Eliciting requirements for a tablet-based data entry and reporting system for use inclinical microbiology laboratories to facilitate blood culture analysis: a case study

Lasse Lefevre Samson
Department of Health Science and Technology, Aalborg University, Aalborg, Denmark

Louise Bilenberg Pape-Haugaard
Department of Health Science and Technology, Aalborg University, Aalborg, Denmark

Ole K. Hejlesen
Department of Health Science and Technology, Aalborg University, Aalborg, Denmark/Department of Health and Nursing Science, University of Agder, Kristiansand, Norway/Department of Computer Science, University of Tromsø, Tromsø, Norway

Ladda ner artikel

Ingår i: Scandinavian Conference on Health Informatics 2013; Copenhagen; Denmark; August 20; 2013

Linköping Electronic Conference Proceedings 91:16, s. 79-82

Visa mer +

Publicerad: 2013-08-21

ISBN: 978-91-7519-518-6

ISSN: 1650-3686 (tryckt), 1650-3740 (online)


Sepsis is a large health care burden on a global scale with 1.8 million documented cases yearly. Furthermore; sepsis is associated with a high mortality rate. However; an early initiation of the correct antimicrobial treatment improves the survival rate.

A new molecular based diagnostic test named MultiplexBCT is currently under development. Furthermore; a tablet-based data entry and reporting system is being developed to facilitate the workflow of the MultiplexBCT test.

This study identified system requirements for the tablet-based data entry and reporting system through an observational study conducted at two clinical microbiology laboratories inthe US. Three system requirements were elicited;communication of data with the laboratory information system; communication of test results to the treating staff; and the support of barcodes.

The three system requirements form the foundation for further development of the tablet-based data entry and reporting system.


Medical Informatics; Sepsis; Handheld Computer


[1] Martin GS; Mannino DM; Eaton S; Moss M. The epidemiology of sepsis in the United States from 1979 through 2000. N Engl J Med. 2003: 348(16): 1546-54.

[2] Slade E; Tamber PS; Vincent JL. The Surviving Sepsis Campaign: raising awareness to reduce mortality. Crit Care. 2003: 7(1): 1-2.

[3] Dellinger RP; Levy MM; Carlet JM; Bion J; Parker MM; Jaeschke R; Reinhart K; Angus DC; Brun-Buisson C; Beale R; Calandra T; Dhainaut JF; Gerlach H; Harvey M; Marini JJ; Marshall J; Ranieri M; Ramsay G; Sevransky J; Thompson BT; Townsend S; Vender JS; Zimmerman JL; Vincent JL; for the International Surviving Sepsis Campaign Guidelines Committee. Surviving Sepsis Campaign: International guidelines for management of severe sepsis and septic shock: 2008. Crit Care Med 2008: 36(1): 296-327.

[4] Angus DC; Linde-Zwirble WT; Lidicker J; Clermont G; Carcillo J; Pinsky MR. Epidemiology of severe sepsis in the United States: analysis of incidence; outcome; and associated costs of care. Crit Care Med. 2001: 29(7): 1303-10.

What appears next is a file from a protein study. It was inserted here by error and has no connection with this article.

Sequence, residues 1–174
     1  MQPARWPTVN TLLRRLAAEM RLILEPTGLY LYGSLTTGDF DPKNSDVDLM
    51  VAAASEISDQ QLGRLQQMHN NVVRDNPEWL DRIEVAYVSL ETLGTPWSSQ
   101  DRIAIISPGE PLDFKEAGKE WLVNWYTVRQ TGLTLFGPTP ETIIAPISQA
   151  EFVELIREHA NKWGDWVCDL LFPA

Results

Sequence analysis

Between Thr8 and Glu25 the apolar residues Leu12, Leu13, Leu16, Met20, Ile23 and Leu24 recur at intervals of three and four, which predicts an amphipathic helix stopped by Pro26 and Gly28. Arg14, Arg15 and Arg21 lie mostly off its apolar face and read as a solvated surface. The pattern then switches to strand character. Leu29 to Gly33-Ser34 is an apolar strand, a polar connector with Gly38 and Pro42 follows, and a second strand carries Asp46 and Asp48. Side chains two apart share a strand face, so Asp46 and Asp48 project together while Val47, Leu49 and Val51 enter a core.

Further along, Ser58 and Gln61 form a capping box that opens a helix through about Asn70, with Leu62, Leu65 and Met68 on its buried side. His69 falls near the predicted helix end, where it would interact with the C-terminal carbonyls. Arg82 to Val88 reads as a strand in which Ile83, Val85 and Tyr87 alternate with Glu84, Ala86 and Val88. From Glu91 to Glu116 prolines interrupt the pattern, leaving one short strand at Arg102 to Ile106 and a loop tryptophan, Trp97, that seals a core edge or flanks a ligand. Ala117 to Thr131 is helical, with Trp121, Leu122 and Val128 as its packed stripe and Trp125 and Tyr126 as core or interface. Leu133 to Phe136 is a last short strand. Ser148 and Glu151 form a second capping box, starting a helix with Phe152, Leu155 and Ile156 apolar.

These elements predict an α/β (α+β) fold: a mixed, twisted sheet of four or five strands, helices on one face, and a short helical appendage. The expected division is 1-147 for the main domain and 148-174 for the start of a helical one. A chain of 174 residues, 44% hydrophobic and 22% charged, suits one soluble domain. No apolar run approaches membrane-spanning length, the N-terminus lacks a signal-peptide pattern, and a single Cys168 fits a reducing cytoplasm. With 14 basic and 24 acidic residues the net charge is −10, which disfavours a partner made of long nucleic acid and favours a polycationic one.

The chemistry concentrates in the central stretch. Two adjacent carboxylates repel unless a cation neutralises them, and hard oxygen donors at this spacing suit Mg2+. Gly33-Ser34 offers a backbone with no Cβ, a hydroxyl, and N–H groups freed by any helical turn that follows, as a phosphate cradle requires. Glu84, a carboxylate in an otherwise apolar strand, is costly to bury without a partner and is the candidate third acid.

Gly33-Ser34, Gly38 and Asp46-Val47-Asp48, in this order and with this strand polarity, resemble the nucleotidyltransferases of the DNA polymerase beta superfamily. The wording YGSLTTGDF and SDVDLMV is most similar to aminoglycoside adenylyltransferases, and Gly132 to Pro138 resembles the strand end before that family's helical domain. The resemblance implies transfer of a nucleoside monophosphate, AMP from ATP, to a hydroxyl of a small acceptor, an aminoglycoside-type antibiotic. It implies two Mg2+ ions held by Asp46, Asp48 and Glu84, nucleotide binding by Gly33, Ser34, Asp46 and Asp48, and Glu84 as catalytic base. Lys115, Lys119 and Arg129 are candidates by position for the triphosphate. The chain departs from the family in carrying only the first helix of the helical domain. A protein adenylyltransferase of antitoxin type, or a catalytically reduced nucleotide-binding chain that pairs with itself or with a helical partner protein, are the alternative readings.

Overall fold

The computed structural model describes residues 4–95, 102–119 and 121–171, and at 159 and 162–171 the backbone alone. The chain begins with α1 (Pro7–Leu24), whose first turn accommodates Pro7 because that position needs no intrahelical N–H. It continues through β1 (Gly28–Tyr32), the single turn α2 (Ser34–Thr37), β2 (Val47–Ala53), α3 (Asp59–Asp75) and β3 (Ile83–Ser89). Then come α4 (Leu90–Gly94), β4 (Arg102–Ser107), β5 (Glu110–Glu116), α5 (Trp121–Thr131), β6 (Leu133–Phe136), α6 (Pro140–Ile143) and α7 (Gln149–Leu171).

[5] Kumar A; Roberts D; Wood KE; Light B; Parrillo JE; Sharma S; Suppes R; Feinstein D; Zanotti S; Taiberg L; Gurka D; Kumar A; Cheang M. Duration of hypotension before initiation of effective antimicrobial therapy is the critical determinant of survival in human septic shock. Crit Care Med 2006: 34(6): 1589-96.

[6] Kumar A; Ellis P; Arabi Y; Roberts D; Light B; Parrillo JE; Dodek P; Wood G; Kumar A; Simon D; Peters C; Ahsan M; Chateau D; Cooperative Antimicrobial Therapy of Septic Shock Database Research Group. Initiation of inappropriate antimicrobial therapy results in a fivefold reduction of survival in human septic shock. Chest. 2009: 136(5): 1237-48.

[7] Stefani S. Diagnostic techniques in bloodstream infections: where are we going? Int J Antimicrob Agents 2009: 34 (Suppl 4): S9-12.

[8] Mancini N; Carletti S; Ghidoli N; Cichero P; Burioni R; Clementi M. The Era of Molecular and Other Non-Culture-Based Methods in Diagnosis of Sepsis. Clin Microbiol Rev. 2010: 23(1): 235-51

[9] Andrade SS; Bispo PJM; Gales AC. Advances in the microbiological diagnosis of sepsis. Shock 2008: 30(1): 41-6.

[10]Beekmann SE; Diekema DJ; Chapin KC; Doern GV. Effects of rapid detection of bloodstream infections on length of hospitalization and hospital charges. J Clin Microbiol. 2003: 41(7): 3119-25.

[11]Ly T; Gulia J; Pyrgos V; Waga M; Shoham S. Impact upon clinical outcomes of translation of PNA FISH-generated laboratory data from the clinical microbiology bench to bedside in real time. Ther Clin Risk Manag. 2008: 4(3): 637-40.

[12]Prgomet M; Georgiou A; Westbrook JI. The Impact of Mobile Handheld Technology on Hospital Physicians’ Work Practices and Patient Care: A Systematic Review. J Am Med Inform Assoc 2009: 16: 792-801.

[13]Zheng K; Haftel HM; Hirschl RB; O’Reilly M; Hanauer DA. Quantifying the impact of health IT implementations on clinical workflow: a new methodological perspective. J Am Med Inform Assoc. 2010: 17(4): 454-61.

[14]Berg M. Implementing information systems in health care organizations: myths and challenges. Int J Med Inform. 2001: 64(2-3): 143-56.

[15]Kvale S. InterView: en introduktion til det kvalitative forskningsinterview. Hans Reitzels Forlag; 2006.

[16]Ammenwerth E; Buchauer A; Bludau B; Haux R. Mobile information and communication tools in the hospital. Int J Med Inform. 2000: 57(1): 21-40.

[17]Ash JS; Berg M; Coiera E. Some unintended consequences of information technology in health care: the nature of patient care information system-related errors. J Am Med Inform Assoc. 2004: 11(2): 104-12.

Citeringar i Crossref